Monday, October 31, 2016

Halloween, What May We Dare!


Leaves under our feet in the cool night air
Full moon in the sky, what may we dare? 
Brooms are flying, beware beware! 


The farm was on a rural country road with neighbors few. 
All the Old Farmer's children would go out together
looking around warily. There were about 7 houses in 1 mile uphill
and 3 houses in the mile to the north. It was a long trek with small reward. 

Then the fire department held a Halloween Party for the children.
There was apple bobbing and a Parade of costumes for different age groups.
One year the Old Farmer's Wife made a costume out of old draperies.
Shades of Scarlet O'Hara. It was a heavy red brocade.
A cane was spray painted silver and a bow tied on. The finishing touch
was a stuffed sheep toy with jingle bells in its ears! 


This costume was a prize winner that year! 
In later years we might go to stay in the suburbs or city
with a cousin and really cashed in on the candy :   )
But the lights of the city do not compare with memories
of the dark country roads!



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Monday, October 24, 2016

Lets Wind up the Sketches of the Barns with Barn Number One


(ONE WEEK TO ALL HALLOW'S EVE)

 Barn Number 1
Where we spent most of our time as kids. 
Ladders and beams and straw and slides.


This barn was built up against barn number 2. 

One time the Old Farmer's brother was chasing us kids.
We knew the barns like the back of our hands and ran down the stairs 

to the basementof this barn with our uncle hot on our heels
A missing step was leaped over and on we went.
The Old Farmer's brother went right into it! How lucky it was
that he suffered nothing more than bruises.
After a few weeks of the step not being fixed (we were all used to it)
my uncle went down there and fixed it himself!

The hand shaved rungs on the ladders were a treasure when I look back on it.
There was a grainery in the corner and straw bales to the ceiling on the other side.
We had real hay rides back in those days with the young men stacking the bales on the wagons and us littler ones riding along dodging the bales being tossed about.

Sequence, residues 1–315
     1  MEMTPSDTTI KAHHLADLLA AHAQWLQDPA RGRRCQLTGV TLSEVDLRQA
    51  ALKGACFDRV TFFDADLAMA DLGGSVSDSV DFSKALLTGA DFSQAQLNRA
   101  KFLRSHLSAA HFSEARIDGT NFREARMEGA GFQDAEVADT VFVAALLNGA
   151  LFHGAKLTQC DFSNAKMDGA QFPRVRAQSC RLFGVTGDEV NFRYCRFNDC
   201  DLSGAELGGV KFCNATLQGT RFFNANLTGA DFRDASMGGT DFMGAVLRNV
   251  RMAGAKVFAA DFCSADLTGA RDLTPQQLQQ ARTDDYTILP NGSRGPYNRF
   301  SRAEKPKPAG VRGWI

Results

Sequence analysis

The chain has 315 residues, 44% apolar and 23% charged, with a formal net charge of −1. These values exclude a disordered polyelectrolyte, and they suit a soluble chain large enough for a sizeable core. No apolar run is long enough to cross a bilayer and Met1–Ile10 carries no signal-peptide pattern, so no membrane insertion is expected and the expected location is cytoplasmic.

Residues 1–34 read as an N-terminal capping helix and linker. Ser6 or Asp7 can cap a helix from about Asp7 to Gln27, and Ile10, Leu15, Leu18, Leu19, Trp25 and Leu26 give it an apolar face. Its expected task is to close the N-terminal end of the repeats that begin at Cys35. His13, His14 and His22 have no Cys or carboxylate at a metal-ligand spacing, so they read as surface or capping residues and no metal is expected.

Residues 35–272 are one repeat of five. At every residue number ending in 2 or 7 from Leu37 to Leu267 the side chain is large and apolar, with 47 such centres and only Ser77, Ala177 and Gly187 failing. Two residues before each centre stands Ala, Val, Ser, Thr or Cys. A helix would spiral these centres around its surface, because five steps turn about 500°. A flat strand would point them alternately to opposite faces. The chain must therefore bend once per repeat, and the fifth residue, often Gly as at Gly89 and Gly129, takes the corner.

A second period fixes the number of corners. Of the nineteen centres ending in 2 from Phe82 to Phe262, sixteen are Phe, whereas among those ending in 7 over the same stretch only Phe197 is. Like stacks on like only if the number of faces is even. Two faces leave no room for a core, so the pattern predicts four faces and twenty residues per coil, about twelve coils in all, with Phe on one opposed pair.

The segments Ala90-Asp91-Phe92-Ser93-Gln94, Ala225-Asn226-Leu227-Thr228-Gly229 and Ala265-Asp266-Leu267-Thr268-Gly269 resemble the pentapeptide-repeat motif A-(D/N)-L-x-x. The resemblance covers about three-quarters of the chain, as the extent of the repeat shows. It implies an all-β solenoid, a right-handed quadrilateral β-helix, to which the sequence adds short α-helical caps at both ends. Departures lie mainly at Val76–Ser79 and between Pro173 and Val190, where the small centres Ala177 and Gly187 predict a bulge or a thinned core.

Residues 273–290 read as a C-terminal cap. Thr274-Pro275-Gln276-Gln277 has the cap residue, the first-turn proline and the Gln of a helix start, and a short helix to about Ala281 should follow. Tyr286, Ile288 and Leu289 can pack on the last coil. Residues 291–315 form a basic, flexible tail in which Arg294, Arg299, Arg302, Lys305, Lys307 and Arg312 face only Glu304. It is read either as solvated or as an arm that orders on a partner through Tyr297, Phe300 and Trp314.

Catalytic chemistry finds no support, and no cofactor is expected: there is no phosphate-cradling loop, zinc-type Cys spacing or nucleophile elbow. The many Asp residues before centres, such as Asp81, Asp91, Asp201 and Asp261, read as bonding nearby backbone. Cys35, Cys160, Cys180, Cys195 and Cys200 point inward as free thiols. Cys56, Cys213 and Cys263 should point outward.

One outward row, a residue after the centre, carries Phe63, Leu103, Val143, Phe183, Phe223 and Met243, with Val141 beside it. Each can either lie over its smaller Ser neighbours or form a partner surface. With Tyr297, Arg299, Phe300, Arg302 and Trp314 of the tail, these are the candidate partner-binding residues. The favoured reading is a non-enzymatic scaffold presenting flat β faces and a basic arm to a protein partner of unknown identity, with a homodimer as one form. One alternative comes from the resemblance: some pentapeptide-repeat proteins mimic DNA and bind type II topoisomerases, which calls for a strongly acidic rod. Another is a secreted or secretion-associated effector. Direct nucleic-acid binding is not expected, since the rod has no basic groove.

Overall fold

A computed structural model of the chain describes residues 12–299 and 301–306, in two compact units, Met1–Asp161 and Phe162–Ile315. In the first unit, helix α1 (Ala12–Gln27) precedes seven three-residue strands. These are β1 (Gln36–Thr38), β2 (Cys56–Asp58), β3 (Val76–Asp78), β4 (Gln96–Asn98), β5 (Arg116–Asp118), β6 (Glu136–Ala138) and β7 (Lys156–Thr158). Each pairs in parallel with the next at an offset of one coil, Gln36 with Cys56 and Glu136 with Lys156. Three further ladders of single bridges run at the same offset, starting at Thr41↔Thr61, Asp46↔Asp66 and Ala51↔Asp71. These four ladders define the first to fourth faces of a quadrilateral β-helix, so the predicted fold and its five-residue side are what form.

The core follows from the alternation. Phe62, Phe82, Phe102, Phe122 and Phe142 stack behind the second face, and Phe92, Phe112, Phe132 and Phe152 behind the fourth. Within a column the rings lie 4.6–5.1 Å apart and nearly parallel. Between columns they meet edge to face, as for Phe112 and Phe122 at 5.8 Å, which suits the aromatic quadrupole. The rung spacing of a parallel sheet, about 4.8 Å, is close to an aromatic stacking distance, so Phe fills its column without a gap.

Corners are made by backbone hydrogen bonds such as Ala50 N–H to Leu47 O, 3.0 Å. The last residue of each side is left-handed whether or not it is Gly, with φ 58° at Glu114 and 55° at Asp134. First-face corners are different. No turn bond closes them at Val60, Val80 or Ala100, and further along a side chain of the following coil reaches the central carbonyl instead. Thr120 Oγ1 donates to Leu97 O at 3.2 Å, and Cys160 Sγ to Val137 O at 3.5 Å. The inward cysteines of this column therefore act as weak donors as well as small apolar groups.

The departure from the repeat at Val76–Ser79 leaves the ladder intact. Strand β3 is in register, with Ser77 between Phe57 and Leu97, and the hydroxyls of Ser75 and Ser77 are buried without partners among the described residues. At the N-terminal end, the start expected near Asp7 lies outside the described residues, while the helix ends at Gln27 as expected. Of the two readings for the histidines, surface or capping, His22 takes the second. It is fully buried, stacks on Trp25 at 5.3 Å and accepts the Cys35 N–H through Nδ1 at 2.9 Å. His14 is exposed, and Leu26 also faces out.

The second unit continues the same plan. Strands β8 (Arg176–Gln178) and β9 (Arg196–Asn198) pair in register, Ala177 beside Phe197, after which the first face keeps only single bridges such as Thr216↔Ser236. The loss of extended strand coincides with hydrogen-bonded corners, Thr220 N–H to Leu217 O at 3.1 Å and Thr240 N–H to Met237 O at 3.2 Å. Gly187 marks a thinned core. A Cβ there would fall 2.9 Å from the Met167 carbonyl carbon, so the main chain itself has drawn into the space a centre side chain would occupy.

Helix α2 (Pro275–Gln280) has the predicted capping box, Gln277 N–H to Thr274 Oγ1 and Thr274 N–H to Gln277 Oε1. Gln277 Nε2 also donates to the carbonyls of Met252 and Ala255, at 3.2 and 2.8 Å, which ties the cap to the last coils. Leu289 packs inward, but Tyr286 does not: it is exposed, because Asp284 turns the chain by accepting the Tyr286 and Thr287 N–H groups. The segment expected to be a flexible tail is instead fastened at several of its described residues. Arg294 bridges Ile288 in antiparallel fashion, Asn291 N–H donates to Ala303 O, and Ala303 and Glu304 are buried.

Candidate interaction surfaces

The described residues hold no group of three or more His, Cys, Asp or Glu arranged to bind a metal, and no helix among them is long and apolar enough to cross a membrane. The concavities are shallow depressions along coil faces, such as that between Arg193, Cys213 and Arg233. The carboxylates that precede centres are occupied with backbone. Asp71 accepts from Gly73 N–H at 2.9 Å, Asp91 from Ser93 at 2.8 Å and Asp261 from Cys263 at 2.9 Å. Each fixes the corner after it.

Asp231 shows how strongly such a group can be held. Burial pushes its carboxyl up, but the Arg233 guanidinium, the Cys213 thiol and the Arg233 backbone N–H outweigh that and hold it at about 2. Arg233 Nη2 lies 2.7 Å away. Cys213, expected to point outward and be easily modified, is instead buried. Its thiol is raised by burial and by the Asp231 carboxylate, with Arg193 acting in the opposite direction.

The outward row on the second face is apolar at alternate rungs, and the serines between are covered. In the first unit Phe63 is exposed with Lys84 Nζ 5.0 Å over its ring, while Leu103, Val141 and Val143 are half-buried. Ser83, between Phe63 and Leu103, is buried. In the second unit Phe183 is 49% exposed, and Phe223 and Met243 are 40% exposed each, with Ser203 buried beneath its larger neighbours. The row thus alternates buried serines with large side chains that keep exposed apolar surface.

We built straw forts. And straw tunnels. Sometimes a barn cat would
get back into a crack through the straw and have her kittens.


There was a great slide that was the board cover over the stairs,
We would climb up and slide down over and over again. 
Slivers were a hazard of this practice, use your imagination!
We would climb the beams and access the loft door into 
the second floor of  barn number 2. 
Children would make their own fun and used their imaginations!




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Monday, October 17, 2016

Barn Number Two Battle of the Yellow Jackets

Barn number 2
This appears to have been the first barn here. 
(Refer to picture in The Three Barns)
It has a standard roof, not gambrel, and the loft door opening
on the right side that was built inside the barn next to it at a much later date.

This barn was a wonderland of old junk.


The main floor was the big storage area. Under the "junk wall"
was a work bench. Well the work bench was under more stuff.
You could weave your way through the floor to some barrels full
of old beer bottles, all different brands and sizes with
the original paper labels. On around a bit more was the old stairwell
with no stairs in it, there hung horse collars, hames, leather net. 
A little farther on was the old rocker 
and beautiful door leaning up against a post.

   
Newspapers were piled just inside the door to be recycled
when enough were accumulated.
 
One year yellow jackets decided there was a perfect nesting